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Union Attitudes to Labor-Saving Innovation: When Are Unions Luddites?

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  • Dowrick, Steve
  • Spencer, Barbara J

Abstract

The response of union utility to labor-saving innovation is analyzed within a framework of oligopolistic competition in the product market, taking account of wage bargaining under several alternative structures of industrial relations. Conditions are established under which wages and employment will rise or fall in response to innovation. Union opposition tends to occur when union preferences are weighted in favor of jobs and labor demand is perceived to be inelastic. Thus, opposition is more likely with industry- or craft-based union organization in noncompetitive industries and is less likely with enterprise unionism in competitive industries. Copyright 1994 by University of Chicago Press.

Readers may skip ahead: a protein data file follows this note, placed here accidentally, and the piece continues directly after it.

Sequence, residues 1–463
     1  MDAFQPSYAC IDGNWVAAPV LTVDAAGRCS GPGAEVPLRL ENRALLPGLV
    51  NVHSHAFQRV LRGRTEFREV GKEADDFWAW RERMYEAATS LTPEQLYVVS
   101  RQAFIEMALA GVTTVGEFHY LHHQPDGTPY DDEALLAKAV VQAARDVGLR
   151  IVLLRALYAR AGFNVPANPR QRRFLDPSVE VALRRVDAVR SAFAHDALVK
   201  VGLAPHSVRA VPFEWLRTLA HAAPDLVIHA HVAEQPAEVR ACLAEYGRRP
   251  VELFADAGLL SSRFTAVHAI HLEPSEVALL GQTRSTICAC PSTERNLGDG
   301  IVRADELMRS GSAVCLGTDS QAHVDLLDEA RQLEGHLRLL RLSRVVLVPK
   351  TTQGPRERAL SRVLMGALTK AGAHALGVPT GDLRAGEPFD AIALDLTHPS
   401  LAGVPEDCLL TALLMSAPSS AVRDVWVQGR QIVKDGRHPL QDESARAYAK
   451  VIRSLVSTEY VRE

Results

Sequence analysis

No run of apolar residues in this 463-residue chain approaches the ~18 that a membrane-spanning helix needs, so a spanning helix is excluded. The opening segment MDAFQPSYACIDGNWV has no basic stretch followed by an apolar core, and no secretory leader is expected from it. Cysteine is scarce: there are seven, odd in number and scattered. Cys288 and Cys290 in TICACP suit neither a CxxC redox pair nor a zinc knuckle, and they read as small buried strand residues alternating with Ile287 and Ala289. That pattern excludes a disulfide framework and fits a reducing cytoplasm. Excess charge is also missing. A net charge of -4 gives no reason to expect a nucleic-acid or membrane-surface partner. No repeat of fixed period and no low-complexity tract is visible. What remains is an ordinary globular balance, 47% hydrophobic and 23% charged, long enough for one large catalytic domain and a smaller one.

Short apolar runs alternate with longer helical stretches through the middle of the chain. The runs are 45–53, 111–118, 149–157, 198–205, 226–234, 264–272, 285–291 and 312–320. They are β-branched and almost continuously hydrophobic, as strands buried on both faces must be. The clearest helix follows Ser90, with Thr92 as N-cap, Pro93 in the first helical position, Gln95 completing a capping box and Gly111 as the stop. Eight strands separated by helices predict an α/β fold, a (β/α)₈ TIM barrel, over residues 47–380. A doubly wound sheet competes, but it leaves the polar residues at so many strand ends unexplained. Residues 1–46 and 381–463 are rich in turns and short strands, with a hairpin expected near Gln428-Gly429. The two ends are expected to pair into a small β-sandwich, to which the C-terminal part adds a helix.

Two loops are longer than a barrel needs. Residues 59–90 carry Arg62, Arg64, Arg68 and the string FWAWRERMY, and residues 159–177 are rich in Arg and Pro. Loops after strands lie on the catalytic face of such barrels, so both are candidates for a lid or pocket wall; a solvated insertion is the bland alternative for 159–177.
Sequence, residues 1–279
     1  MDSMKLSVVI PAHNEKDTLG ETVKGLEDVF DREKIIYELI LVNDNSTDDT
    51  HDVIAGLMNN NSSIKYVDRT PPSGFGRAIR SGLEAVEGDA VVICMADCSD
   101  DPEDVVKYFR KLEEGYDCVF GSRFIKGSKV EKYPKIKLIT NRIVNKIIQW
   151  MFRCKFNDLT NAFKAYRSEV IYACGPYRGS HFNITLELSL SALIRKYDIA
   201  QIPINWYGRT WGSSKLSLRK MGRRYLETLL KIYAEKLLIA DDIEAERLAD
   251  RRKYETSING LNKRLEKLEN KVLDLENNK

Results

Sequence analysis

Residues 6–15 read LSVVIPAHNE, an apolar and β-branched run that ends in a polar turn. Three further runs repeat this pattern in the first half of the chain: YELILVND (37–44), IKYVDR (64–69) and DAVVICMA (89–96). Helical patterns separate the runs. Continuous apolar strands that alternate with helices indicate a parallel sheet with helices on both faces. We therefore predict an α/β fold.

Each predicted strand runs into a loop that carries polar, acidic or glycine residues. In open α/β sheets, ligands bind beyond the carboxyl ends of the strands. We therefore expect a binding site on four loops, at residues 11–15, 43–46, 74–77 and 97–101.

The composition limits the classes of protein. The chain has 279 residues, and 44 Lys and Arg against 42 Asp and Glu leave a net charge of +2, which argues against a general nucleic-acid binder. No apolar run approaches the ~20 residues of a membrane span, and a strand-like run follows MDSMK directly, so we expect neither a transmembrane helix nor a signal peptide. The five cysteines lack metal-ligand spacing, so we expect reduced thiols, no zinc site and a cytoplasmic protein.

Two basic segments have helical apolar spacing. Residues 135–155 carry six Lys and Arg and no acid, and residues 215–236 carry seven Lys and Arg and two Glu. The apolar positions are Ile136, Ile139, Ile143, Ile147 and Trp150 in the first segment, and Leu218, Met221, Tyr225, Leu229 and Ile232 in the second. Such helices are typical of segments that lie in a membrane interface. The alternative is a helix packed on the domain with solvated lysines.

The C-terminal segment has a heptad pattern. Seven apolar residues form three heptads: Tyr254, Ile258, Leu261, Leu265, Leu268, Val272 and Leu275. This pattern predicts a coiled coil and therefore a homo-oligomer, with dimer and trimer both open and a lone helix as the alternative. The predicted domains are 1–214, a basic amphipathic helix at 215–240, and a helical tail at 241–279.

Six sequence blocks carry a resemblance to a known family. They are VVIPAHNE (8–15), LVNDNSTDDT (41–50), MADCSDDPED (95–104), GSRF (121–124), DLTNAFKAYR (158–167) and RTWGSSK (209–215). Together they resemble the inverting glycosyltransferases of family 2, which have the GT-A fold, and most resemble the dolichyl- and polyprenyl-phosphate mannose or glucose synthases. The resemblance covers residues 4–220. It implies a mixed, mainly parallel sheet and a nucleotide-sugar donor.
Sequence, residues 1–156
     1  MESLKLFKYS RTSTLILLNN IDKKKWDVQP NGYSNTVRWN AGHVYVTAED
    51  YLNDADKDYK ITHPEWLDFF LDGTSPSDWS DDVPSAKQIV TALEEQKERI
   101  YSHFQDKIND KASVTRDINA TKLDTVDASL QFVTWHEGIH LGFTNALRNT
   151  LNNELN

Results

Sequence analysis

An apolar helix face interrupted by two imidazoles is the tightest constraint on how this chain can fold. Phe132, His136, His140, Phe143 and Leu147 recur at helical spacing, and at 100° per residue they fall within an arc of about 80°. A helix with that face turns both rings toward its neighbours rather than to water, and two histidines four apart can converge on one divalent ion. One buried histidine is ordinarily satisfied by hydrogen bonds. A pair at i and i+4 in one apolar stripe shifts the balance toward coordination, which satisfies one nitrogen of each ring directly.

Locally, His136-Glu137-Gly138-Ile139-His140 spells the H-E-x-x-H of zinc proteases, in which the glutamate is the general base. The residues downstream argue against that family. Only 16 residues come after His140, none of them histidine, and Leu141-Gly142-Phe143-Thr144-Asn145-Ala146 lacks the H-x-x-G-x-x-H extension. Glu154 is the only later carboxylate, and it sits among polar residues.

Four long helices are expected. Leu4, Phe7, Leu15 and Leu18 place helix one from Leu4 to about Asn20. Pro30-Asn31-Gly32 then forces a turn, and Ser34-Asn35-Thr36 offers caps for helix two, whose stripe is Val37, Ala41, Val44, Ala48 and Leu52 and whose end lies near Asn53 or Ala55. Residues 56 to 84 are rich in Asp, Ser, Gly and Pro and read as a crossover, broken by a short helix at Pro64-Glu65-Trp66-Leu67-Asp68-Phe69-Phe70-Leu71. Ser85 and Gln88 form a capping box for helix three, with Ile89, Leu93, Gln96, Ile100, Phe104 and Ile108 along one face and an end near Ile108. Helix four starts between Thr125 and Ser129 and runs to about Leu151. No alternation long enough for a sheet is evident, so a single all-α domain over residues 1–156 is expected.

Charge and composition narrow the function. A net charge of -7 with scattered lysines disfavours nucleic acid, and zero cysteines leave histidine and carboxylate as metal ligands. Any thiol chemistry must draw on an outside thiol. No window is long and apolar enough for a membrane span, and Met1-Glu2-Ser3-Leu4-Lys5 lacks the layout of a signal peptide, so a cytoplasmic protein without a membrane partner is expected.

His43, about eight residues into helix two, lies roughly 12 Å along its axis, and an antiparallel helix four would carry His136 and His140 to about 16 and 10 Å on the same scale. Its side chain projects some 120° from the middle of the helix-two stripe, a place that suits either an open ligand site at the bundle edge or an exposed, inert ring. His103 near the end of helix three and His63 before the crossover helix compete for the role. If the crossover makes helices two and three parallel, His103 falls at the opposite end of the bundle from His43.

Suggested Citation

  • Dowrick, Steve & Spencer, Barbara J, 1994. "Union Attitudes to Labor-Saving Innovation: When Are Unions Luddites?," Journal of Labor Economics, University of Chicago Press, vol. 12(2), pages 316-344, April.
  • Handle: RePEc:ucp:jlabec:v:12:y:1994:i:2:p:316-44
    DOI: 10.1086/298359
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    References listed on IDEAS

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    1. Sean Flaherty, 1987. "Strike Activity, Worker Militancy, and Productivity Change in Manufacturing, 1961–1981," ILR Review, Cornell University, ILR School, vol. 40(4), pages 585-600, July.
    2. Dowrick, Steve, 1989. "Union-Oligopoly Bargaining," Economic Journal, Royal Economic Society, vol. 99(398), pages 1123-1142, December.
    3. Lawrence Mishel, 1986. "The Structural Determinants of Union Bargaining Power," ILR Review, Cornell University, ILR School, vol. 40(1), pages 90-104, October.
    4. Anderson, Simon P & Devereux, Michael, 1988. " Trade Unions and the Choice of Capital Stock," Scandinavian Journal of Economics, Wiley Blackwell, vol. 90(1), pages 27-44.
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